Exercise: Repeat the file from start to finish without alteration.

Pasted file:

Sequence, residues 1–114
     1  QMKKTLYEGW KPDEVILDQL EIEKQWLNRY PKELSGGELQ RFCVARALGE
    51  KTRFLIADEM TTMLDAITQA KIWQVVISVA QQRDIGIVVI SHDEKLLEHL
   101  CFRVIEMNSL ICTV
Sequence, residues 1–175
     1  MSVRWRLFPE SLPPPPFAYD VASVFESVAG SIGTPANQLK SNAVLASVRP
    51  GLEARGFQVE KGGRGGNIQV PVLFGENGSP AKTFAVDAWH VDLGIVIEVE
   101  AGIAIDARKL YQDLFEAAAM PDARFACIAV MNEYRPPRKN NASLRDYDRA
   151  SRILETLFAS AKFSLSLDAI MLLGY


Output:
Sequence, residues 1–114
     1  QMKKTLYEGW KPDEVILDQL EIEKQWLNRY PKELSGGELQ RFCVARALGE
    51  KTRFLIADEM TTMLDAITQA KIWQVVISVA QQRDIGIVVI SHDEKLLEHL
   101  CFRVIEMNSL ICTV
Sequence, residues 1–175
     1  MSVRWRLFPE SLPPPPFAYD VASVFESVAG SIGTPANQLK SNAVLASVRP
    51  GLEARGFQVE KGGRGGNIQV PVLFGENGSP AKTFAVDAWH VDLGIVIEVE
   101  AGIAIDARKL YQDLFEAAAM PDARFACIAV MNEYRPPRKN NASLRDYDRA
   151  SRILETLFAS AKFSLSLDAI MLLGY